Since time immemorial, human beings have puzzled over, and been fascinated by dualities: yin and yang, thought and action, strategy and execution. As CEO of Visier, a company that helps business leaders use data to answer critical questions, the dynamic that I find myself ruminating about most is management and analytics software.
Philosophy aside, business leaders face a very real challenge: when it comes to upgrading your management and analytics solutions, which one do you implement first? Management software focuses on operations—getting things done, while analytics software focuses on insights—finding better ways to do things.
It’s the classic chicken-or-egg dilemma: Management solutions require strong analytical insights to be efficient, and analytics solutions require smart operational software to generate enough reliable data in the first place.
Like yin and yang, you can’t have one without the other: they’re both essential, complementary, and interdependent. But you still need to prioritize one over the other.
The answer is analytics, and here’s why.
Management and analytics are the yin and yang
Management solutions, like SAP, Workday, ADP, are operational. It coordinates day-to-day task s— issuing invoices, routing logistics, compensating employees. In essence, management software takes an object (a thing, e.g., bills, invoices, inventory) and applies an event — an action — to them (e.g., paying the bill, issuing the invoice, shipping the product). At scale, management software applies several events to several objects, but it’s still the same process. It’s all about effecting change and taking concrete actions.
Analytics software is the exact inverse. Rather than operational, it’s theoretical. Rather than day-to-day, it considers long-term changes. Instead of executing an event on an object, analytics takes the sum of all events on all objects to find trends, patterns, and business insights. While management is all about action, analytics is all about forethought and decision-making. The former automates processes, and the latter helps you create new ones. One accelerates workflows, and the other shifts paradigms.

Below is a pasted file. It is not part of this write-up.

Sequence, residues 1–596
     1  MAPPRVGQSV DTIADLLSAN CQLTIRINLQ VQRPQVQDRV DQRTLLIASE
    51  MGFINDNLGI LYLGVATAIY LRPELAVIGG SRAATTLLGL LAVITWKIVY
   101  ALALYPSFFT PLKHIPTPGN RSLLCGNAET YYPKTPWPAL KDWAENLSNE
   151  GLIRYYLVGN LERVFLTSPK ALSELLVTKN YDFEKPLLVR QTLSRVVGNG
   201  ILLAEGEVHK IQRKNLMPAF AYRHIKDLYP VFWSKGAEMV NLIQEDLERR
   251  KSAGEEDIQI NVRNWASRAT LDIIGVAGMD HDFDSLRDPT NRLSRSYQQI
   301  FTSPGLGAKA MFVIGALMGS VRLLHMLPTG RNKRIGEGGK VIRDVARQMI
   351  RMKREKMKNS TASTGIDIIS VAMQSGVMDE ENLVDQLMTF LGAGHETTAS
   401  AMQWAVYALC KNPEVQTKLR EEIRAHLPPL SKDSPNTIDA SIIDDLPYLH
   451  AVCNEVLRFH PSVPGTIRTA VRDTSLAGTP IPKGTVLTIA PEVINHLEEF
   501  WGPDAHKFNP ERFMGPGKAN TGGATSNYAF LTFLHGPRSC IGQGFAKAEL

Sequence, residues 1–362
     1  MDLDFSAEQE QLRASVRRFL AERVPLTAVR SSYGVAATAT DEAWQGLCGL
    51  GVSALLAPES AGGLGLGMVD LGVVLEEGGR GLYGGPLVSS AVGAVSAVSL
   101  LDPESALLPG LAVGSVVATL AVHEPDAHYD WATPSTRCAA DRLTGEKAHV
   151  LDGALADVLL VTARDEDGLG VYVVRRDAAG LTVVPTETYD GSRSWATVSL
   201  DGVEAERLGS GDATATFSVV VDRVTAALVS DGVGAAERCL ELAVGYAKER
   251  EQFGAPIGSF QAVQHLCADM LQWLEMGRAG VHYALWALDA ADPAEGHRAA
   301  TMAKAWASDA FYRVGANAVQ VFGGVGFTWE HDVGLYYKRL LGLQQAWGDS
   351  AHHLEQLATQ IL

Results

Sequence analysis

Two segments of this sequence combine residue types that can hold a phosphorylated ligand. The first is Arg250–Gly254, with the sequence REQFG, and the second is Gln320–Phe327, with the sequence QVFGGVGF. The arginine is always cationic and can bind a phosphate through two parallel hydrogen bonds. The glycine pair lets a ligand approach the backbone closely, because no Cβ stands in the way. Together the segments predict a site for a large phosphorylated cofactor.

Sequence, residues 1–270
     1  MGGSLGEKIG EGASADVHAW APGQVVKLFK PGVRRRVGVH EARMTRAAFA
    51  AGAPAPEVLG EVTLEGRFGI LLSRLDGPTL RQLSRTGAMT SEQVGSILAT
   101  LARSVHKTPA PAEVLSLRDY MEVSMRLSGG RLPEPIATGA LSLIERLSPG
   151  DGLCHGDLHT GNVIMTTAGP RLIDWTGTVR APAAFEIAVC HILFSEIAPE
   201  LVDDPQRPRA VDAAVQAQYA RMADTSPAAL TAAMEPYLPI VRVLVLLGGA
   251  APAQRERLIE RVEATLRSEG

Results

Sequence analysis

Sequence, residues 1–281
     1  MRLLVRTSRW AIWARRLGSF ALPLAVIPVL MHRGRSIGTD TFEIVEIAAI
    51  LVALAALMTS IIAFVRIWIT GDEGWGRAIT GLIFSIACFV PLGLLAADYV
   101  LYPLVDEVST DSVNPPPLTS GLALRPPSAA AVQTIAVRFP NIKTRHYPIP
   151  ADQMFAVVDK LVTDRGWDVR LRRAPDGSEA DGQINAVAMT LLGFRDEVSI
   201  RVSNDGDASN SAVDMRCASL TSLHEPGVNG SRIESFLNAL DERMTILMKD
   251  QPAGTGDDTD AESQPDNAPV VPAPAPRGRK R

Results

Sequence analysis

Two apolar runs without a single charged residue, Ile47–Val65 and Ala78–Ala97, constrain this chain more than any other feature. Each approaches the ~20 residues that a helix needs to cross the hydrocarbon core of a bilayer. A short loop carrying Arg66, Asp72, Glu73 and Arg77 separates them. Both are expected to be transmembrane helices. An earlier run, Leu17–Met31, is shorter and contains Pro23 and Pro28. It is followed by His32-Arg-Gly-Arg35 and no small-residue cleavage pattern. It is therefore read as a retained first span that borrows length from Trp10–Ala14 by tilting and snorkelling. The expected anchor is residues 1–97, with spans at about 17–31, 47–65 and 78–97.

The two complement each other beautifully, but business leaders have finite resources and need to put one before the other. Upgrading your enterprise systems is an enormous endeavor that routinely takes multiple years and millions of dollars; for most companies, launching both at once isn’t realistic.
Dealing with the dilemma
At first blush, it seems like you could make a strong argument that either one should be upgraded first.
If you start with management, you can start automating processes without waiting. After all, this is where your business really makes its money: getting things done. If that happens more efficiently, it could provide a revenue boost, increase productivity, and lead to eventual growth. It sounds like a win-win: your team can give itself a head start on an elaborate change management project and start seeing more output in the short-term.
But let’s consider the cons: without strong analytics, you’re flying blind through your management upgrade. You could be automating inefficient, outmoded processes. While you’ll see a short-term gain, you’ll be crippling your efficiency over the long-term.